- The Washington Times - Tuesday, November 27, 2001

Detractors of the U.S. war on global terrorism in Afghanistan and elsewhere frequently question whether the civilization we seek to protect is morally superior to what we aim to arrest or to destroy. The question itself awakens strong passions and deep convictions, unlike calculating the speed of light. The meaning of life must be confronted. The roots of cherished values embraced as much from instinct and intuition as from reason or empiricism must be explored.

But while bowing to the possibility of error since moral scales are intrinsically problematic, an answer should be forthcoming. The purpose is neither to gloat, nor to deride nor to humiliate our enemies and adversaries. Indeed, much wisdom and prudence is captured in the biblical injunction, "Judge not, that ye be not judged." On rare occasions, as at present, however, where our opponents have declared and pursued physical, spiritual and ideological warfare against our way of life in the United States with the fanaticism of Captain Ahab and the malignity of Adolph Hitler, moral silence or agnosticism is unacceptable.

Nations crumble when challenged if their moral foundations go unattended. Winning wars means fielding men and women eager to fight for the cause and electrified by civilian support and firmly convinced of the righteousness of the military mission. Further, as Edward Gibbon wrote authoritatively in "The History of the Decline and Fall of the Roman Empire," "All that is human must retrograde if it do not advance." And moral climb comes with understanding, not unthinking recitation of the past. What should convince that our way of life in the contemporary United States is morally superior to all others? In combination and acknowledging minor exceptions to the rule, consider the following:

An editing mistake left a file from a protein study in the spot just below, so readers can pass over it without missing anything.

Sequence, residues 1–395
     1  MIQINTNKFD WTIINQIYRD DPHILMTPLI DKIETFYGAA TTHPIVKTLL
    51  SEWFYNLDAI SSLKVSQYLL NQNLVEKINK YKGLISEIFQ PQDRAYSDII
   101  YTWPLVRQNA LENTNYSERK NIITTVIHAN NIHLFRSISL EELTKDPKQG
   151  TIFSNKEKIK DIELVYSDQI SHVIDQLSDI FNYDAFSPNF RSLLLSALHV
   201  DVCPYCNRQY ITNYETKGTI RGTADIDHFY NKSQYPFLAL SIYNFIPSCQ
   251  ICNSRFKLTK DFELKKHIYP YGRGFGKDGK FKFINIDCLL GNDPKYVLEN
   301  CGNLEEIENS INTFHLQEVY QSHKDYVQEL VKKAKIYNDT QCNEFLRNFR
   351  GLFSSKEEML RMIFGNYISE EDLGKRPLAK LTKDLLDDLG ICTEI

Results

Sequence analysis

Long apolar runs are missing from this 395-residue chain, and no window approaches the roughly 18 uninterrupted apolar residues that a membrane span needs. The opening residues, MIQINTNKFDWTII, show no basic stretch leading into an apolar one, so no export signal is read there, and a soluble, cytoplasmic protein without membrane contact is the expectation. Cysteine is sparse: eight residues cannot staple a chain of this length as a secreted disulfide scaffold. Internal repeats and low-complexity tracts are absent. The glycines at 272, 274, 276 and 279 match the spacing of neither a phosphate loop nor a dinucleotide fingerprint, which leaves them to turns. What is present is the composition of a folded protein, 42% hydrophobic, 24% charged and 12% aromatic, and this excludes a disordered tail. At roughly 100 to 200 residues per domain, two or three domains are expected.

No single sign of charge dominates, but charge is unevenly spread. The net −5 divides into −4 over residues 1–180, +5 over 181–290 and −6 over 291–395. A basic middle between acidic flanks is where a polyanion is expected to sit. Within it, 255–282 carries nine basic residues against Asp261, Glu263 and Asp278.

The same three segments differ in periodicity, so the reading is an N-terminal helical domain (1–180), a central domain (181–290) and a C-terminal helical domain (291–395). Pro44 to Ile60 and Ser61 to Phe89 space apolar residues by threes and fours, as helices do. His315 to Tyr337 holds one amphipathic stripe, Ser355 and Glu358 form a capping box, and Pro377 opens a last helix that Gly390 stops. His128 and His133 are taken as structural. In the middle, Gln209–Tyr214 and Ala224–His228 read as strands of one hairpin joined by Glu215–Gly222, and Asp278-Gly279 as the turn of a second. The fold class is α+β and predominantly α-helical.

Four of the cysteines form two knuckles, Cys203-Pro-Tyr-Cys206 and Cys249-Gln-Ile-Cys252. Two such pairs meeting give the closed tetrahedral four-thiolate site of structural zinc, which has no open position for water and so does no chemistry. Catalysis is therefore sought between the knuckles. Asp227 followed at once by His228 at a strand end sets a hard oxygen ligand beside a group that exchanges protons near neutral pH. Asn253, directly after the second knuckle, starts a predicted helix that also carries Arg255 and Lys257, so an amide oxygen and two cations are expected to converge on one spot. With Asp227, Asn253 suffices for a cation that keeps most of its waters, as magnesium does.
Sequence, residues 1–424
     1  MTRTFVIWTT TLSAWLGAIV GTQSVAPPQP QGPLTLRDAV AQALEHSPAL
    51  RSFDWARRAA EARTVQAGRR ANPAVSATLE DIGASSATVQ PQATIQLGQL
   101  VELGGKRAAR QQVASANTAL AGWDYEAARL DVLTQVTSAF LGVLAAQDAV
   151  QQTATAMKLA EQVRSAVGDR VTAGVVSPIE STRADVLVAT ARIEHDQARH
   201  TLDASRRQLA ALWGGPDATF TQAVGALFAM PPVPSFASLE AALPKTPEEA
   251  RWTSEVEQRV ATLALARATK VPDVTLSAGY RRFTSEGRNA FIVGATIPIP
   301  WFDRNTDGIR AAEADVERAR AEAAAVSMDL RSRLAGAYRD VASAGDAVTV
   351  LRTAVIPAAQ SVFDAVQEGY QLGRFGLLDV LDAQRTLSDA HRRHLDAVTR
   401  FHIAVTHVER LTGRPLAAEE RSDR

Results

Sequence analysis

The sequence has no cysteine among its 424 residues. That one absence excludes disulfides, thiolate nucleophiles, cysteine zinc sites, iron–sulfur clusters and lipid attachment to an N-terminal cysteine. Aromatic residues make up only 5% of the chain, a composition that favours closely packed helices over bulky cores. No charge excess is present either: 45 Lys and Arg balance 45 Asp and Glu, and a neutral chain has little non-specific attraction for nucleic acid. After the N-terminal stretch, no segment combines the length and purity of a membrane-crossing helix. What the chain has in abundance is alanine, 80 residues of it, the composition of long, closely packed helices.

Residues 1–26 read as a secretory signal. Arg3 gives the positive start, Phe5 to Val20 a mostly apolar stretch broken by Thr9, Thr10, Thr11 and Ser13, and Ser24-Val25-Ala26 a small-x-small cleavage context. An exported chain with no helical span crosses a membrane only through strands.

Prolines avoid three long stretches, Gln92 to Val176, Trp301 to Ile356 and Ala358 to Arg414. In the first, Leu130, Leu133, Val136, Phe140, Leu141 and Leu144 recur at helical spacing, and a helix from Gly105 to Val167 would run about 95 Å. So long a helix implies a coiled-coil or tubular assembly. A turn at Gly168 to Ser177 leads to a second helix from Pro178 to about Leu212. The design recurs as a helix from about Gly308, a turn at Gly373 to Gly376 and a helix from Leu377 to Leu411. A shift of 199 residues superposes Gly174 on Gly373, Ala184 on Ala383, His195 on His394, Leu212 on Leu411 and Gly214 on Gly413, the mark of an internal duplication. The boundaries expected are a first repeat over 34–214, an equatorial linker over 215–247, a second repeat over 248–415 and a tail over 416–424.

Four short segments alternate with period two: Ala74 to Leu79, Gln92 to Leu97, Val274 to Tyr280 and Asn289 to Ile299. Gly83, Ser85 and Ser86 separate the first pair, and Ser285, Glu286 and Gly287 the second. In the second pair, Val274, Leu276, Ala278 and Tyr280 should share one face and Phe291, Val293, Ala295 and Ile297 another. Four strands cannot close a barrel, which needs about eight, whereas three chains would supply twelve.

We preach and practice legal and social equality among individuals irrespective of race, ethnicity, religion, gender or disability. It is commonplace for racial or ethnic minorities and women to occupy seats of power in the U.S. Supreme Court and in state tribunals, in Congress, in the executive branch and in the foreign service. Compare this to the subjugation of females in the Middle East and Asia, which finds expression in infanticide, omnipresent legal and cultural fetters, and a lifetime of virtual house arrest.

In the United States, we decry religious hierarchies in favor of toleration and mutual respect. But can that be said in countries where Judaism, Islam or Hinduism prevails?

We covet and enforce the right to be left alone and to civil liberties with a fastidiousness that exalts the individual over the state, even at the price of some social chaos or tumult. We crown each citizen with procedural protections against government abuses unrivaled elsewhere in the history of the universe. Exemplary are the rights to a jury selected among peers; proof of guilt beyond a reasonable doubt; the exclusion of legally tainted evidence; a speedy and public trial; a prohibition of unreasonable searches or seizures; publicly provided defense counsel; a proscription of double jeopardy; independent and neutral judges; a suspect's right to silence coupled with Miranda warnings, and, to the writ of habeas corpus, except in cases of rebellion or invasion. Moreover, the Constitution coupled with judicial review stands leagues above any other governing covenant in the world in protecting minorities from the tyranny of the majority, for example, the equal protection clause of the 14th Amendment. In sum, the rule of law and individual liberty a hallmark of community morality stands nowhere more spotless than in the United States.